When you "spin the wheel on the stand", do you mean it's installed on the bike on the stand? If so, that introduces another variable, namely, dropout alignment. What happens when you eliminate the play and spin the wheel on a truing stand, or even just in your hand? Do you have another frame that accomodates 27"-ers you could test it on?

As for the replacement option, the new wheelset option seems extravagent, regardless of size. Myself, I would choose based on availability. You'll of course find a lot more servicealbe used 700C wheelsets than 27s, but if a set of 27s comes along, why not? They are out there. 'Course, have you confirmed that your brake calipers have the reach? The pads appear to be close to the bottom of the range.

BTW, I have its younger cousin, the above-mentioned Del Rey in an '89. Not the lightest of my roadies, or even close, but for what it is, it's nimble and puts a smile on my face. Just a little :yawn: to look at.
The cartridge reference was about the fact that many (not all) prebuilt wheels these days come with cartridge bearings. I have no experience with cartridge bearings but people are saying there's nothing wrong with that and that replacement bearings are fairly standard.

I don't have another axle but I checked it on a piece of glass and it is definitely not bent. Yes, I'm talking about the wheel in the frame, on my work stand. With or without the freewheel, when I spin the wheel I can feel the vibration in the frame. Also, if the bike is on the ground and I lift up the rear wheel and give it a spin, I feel the vibrations. The dropouts seem fine - the wheel lines up and it shifts smoothly. It feels rough off the bike as well, spinning the wheel while holding the axle in my hands. I can get rid of the roughness but then I've got serious side-to-side play. Something ain't right, but I'm just not seeing it.

I'm not opposed to waiting for a decent set of used wheels to pop up, 27" or 700c, but Velomine is selling CR18 rims with Origin8 hubs and DT spokes for under $200 delivered. That seems hard to beat.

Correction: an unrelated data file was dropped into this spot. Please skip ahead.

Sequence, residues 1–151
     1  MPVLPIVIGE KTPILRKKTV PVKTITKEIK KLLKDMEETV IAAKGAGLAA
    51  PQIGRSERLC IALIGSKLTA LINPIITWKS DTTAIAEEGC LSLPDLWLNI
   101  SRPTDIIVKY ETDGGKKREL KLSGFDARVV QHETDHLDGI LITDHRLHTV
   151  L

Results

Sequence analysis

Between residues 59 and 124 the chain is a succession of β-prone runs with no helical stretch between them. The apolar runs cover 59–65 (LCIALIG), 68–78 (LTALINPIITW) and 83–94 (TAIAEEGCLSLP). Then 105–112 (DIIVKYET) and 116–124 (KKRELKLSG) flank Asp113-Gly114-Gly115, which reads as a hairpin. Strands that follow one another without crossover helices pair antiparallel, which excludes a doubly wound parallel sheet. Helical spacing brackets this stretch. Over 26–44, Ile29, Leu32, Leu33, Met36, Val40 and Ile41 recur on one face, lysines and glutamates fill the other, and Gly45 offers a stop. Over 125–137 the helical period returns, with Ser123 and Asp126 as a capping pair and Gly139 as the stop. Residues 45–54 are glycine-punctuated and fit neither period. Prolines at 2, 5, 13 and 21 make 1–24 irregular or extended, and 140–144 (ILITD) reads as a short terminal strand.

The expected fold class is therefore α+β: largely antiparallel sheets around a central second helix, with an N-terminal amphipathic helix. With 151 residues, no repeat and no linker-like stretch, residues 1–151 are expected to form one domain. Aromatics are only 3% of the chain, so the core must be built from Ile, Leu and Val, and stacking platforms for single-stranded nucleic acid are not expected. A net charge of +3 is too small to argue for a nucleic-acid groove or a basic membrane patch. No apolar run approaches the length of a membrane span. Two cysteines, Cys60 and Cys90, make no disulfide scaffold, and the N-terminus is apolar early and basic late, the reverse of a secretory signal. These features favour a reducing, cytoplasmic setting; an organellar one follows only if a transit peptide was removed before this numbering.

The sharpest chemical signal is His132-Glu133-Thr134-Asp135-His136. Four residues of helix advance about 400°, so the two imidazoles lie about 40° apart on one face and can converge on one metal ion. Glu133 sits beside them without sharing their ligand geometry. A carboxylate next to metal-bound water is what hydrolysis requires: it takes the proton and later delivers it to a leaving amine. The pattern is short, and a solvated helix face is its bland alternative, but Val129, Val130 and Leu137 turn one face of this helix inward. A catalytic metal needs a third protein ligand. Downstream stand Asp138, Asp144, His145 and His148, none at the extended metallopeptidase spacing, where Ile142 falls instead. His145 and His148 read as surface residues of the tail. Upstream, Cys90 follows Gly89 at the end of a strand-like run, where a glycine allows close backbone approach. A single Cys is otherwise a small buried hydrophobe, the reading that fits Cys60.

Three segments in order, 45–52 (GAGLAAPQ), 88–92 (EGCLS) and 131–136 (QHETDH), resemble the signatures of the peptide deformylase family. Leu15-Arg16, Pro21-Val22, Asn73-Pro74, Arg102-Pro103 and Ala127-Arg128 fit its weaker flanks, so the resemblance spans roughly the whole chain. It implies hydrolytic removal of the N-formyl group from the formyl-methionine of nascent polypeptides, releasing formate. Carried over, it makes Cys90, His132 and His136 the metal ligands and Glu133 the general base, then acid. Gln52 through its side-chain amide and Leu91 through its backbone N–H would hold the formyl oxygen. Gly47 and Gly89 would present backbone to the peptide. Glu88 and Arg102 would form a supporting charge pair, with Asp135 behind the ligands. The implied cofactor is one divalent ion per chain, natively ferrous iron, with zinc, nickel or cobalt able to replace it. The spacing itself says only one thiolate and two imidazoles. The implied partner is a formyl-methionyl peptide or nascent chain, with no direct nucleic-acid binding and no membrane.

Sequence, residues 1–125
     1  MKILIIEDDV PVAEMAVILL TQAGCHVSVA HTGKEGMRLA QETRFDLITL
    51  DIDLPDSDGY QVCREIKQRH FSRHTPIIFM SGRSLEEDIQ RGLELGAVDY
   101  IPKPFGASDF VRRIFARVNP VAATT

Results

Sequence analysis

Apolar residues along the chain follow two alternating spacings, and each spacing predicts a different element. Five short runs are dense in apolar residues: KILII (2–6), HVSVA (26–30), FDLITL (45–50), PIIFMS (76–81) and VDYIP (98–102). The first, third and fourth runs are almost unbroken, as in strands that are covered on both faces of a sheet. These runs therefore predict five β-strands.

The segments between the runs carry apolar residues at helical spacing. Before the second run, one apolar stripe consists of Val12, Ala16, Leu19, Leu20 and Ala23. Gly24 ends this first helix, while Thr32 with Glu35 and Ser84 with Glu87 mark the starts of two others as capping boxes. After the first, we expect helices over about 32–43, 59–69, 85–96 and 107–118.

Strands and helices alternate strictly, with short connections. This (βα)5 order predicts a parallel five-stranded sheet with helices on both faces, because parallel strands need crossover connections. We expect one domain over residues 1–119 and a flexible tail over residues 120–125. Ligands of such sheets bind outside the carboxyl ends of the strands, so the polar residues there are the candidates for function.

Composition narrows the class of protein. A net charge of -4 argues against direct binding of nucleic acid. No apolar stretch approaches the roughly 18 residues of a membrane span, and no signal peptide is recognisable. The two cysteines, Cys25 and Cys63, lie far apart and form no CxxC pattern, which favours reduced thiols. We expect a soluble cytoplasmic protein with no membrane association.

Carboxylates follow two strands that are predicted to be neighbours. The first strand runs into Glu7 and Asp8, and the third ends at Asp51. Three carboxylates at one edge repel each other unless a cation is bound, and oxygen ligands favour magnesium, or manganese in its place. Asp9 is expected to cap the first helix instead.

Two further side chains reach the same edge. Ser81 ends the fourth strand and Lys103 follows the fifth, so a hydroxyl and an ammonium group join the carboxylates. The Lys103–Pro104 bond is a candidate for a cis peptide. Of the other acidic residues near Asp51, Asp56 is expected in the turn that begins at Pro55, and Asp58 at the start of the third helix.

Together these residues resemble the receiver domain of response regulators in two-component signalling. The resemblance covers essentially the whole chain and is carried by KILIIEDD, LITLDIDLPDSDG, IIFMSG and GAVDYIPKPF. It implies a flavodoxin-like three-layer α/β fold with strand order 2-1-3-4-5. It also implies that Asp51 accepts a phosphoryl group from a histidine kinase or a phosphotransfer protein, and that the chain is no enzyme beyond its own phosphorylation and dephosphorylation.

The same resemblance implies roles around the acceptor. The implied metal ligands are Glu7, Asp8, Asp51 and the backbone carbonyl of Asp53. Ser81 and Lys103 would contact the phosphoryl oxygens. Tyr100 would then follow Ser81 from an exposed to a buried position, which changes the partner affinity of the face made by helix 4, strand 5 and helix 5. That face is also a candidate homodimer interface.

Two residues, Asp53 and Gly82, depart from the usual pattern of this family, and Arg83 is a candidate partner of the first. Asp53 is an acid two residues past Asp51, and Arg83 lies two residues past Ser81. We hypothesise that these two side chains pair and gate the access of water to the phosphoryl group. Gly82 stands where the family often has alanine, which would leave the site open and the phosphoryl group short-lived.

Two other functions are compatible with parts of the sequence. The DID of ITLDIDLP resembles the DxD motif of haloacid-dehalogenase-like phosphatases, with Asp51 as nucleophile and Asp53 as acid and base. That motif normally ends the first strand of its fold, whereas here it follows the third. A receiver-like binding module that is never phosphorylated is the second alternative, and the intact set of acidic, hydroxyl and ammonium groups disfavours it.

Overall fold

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Old 10-25-22, 08:19 AM
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Re-reading, it seems the only thing it could be are somewhere in the bearing interface - hubs, cones and the bearings. If new bearings didnít solve it, I would throw my hands up and start looking for wheels even though I hate defeat. Save these wheels to investigate at a later date if youíre so inclined.
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Old 10-25-22, 08:39 AM
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Have you tried to rotate each cone individually against the bearings and cup on each side, light pressure vs heavy? I suggest this only because you mentioned the "vibration" independent of being on the bike.
When does the vibration occur, slow rotation or fast? I would definitely replace the ball bearings. If that doesn't solve the problem, then at least you have extras.

No opinion on 27 vs 700 other than the wide selection of tires for 700. I have been converting to sew-ups.
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Old 10-25-22, 05:16 PM
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Originally Posted by Pompiere View Post
You could buy a donor bike for the wheels. Swap the wheels, sell the donor bike, you got free wheels.
This........I have had good luck getting donor wheels from Centurion Ironman bikes that were rode hard and put away wet. Service bearings and true. In my experience the tri color wheelsets have held up well. I have sets on my Shogun 1000, '78 Super Course and as a place holder on my Fuji Opus III. All from Centurion IMs, not to mention my brothers old Ironman with the original tri color group. But, as someone else mentioned, try the 700s you currently have for fit before investing the time, energy and money.
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Old 10-26-22, 03:54 PM
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Originally Posted by r0ckh0und View Post
This........I have had good luck getting donor wheels from Centurion Ironman bikes that were rode hard and put away wet. Service bearings and true. In my experience the tri color wheelsets have held up well. I have sets on my Shogun 1000, '78 Super Course and as a place holder on my Fuji Opus III. All from Centurion IMs, not to mention my brothers old Ironman with the original tri color group. But, as someone else mentioned, try the 700s you currently have for fit before investing the time, energy and money.
I think that's where I'm at - looking for a set of donor wheels. If I can 't find something decent before spring, I guess I'll just buy a set of Wheel Master or Velomine.